The Indian American Association’s 2006 Diwali celebration was met with high praise Saturday evening.
Diwali, the Indian New Year celebration, is a festival of lights symbolizing the victory of righteousness over spiritual darkness.
The program started at 6 p.m. with appetizers. The traditional Indian meal was catered by several participants’ mothers and two local Indian restaurants: Sitar, 6004 Kingston Pike, and Kashmir, 711 17th St. SW.
“(The food) is in a class of its own. I’ve never tasted so many flavors at once,” Tasha Fernandez, a senior in electrical engineering, said.
Appetizers were in such demand, the line had to be shut down so the show could start on time.
The performance opened with a lighting ceremony. Dancers in traditional Indian clothes placed lit candles on each edge of the stage. The Indian and the American national anthems followed. Each song was followed by loud cheers from the audience.
The program continued with a mixture of old and new traditions to celebrate both rich Indian heritage and modern influences.
Throughout the show, a series of video-taped, MTV-based skits were played. One skit, called “Date My Mummy” was based on the show “Date My Mom.” The main character, Jonathan Maharaj, a junior in microbiology, went on dates with several Indian mothers to see if he’d like to date one of their daughters. The skit included everything from a Caucasian Indian mother to the winning daughter being played by a boy. The skit was met with enthusiastic laughter from the audience.
Another skit included a spoof of the shows “MTV Cribs” and “Wild ‘N Out.” All the skits included lighthearted jokes about Indian culture, as well as insults and punch lines meant to make the audience chuckle. The result was a loud applause and much laughter from the crowd.
The dance performances also reflected a mixture of old and new.
The first group dance, “True Life: I’m a Bhangra Dancer,” combined traditional Indian dances set to Indian songs and modern rap music.
Dancers included IAA members, some from Manthan — the Indian Students’ Organization at the university, and groups from Mercer University in Macon, Ga., East Tennessee State University in Johnson City, Tenn., and Georgia Tech in Atlanta.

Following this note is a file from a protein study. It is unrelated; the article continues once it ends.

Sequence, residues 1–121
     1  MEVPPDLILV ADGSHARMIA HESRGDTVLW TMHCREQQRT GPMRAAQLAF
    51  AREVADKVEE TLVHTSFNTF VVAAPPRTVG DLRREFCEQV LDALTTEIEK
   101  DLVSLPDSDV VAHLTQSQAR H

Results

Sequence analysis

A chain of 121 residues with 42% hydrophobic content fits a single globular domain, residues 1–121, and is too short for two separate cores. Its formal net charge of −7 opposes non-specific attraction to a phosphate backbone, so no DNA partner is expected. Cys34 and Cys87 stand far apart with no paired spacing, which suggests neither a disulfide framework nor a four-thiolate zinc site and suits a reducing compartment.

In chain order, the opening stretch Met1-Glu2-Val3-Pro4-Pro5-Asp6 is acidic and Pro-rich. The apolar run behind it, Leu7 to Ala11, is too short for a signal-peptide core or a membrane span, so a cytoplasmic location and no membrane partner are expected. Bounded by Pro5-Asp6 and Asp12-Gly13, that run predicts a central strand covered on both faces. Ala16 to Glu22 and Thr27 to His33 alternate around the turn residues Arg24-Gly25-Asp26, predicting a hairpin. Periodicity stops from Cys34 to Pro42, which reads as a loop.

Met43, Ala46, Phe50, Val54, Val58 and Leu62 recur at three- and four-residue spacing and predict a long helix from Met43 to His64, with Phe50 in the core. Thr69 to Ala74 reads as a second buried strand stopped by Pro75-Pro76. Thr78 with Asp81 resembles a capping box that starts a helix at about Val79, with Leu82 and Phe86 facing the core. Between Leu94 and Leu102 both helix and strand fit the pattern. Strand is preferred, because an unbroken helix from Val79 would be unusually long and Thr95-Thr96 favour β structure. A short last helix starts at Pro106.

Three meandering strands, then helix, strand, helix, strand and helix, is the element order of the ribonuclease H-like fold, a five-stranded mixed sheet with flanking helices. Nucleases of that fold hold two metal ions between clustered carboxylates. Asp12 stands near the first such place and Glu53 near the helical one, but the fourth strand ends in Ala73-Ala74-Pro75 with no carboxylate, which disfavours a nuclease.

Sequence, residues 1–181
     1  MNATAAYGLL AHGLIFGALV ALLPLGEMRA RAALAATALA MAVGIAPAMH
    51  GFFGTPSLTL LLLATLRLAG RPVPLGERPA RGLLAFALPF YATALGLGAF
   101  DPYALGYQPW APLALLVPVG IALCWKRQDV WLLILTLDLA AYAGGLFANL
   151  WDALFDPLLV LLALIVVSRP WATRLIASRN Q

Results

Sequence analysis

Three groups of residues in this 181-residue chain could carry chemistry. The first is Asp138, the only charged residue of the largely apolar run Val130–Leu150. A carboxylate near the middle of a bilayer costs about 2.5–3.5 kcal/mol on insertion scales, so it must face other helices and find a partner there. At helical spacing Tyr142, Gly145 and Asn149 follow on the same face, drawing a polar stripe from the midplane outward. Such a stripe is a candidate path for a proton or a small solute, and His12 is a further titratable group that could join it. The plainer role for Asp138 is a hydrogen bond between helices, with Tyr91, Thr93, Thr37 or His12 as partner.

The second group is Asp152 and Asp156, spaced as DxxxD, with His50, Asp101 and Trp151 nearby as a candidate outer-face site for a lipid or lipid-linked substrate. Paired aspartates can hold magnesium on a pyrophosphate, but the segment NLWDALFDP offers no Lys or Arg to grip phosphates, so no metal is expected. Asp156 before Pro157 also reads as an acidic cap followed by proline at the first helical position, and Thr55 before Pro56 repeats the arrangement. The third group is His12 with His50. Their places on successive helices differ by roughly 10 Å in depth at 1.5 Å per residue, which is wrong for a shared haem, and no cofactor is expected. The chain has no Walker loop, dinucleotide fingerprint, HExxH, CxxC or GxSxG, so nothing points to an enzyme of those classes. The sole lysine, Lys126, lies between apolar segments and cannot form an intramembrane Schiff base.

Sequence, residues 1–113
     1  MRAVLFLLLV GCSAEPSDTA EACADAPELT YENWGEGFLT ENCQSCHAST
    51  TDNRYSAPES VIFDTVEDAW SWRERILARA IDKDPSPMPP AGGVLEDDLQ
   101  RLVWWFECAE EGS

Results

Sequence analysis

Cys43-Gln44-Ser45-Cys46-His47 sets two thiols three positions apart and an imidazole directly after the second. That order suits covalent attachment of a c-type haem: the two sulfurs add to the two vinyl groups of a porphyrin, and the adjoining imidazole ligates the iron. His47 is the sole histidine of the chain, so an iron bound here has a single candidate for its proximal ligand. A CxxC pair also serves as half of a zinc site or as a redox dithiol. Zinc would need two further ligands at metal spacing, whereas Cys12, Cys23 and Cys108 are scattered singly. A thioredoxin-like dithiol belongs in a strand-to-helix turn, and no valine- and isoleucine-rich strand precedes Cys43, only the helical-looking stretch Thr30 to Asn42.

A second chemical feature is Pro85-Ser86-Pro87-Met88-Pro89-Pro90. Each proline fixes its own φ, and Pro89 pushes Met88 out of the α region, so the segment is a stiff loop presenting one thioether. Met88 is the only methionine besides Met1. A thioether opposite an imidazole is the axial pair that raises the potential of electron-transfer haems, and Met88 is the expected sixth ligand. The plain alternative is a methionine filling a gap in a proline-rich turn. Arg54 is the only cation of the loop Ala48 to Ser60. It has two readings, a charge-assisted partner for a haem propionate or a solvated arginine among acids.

All the dances combined modern and traditional dance and musical styles. The dance performed by the Georgia Tech group even showcased modern and traditional dance styles side-by-side.
The atmosphere was relaxed and informal. Between performances, IAA members gave updates on the UT-University of South Carolina football game and talked candidly with the crowd. The IAA also held a raffle, which gave out a TV and a DVD player.
“It wasn’t like I expected it to be because it’s more of a celebration than a ritual. I thought it was going to be formal, but it was a lot more interesting and interactive,” Megan Bethmann, a junior in accounting, said.
The Diwali celebration was held in the Clarence Brown Theatre. All 500 seats were sold out in addition to 100 seats at a discounted price to accommodate demand. Attendees came from a mix of ages and ethnicities.
Sarah Keedy, a sophomore in engineering, said the event has a future.
“I’m very impressed with the size and diversity of the event. The Indian American Association has done a good job promoting Diwali to all different ethnicities. I think Diwali will continue to grow in the coming years.”
Dipti Chhajwani, a sophomore in college scholars and IAA secretary, said she was excited by the turnout and called it a very successful night.
“In the beginning, we didn’t know what a success this would be because we’ve never done something like this before.”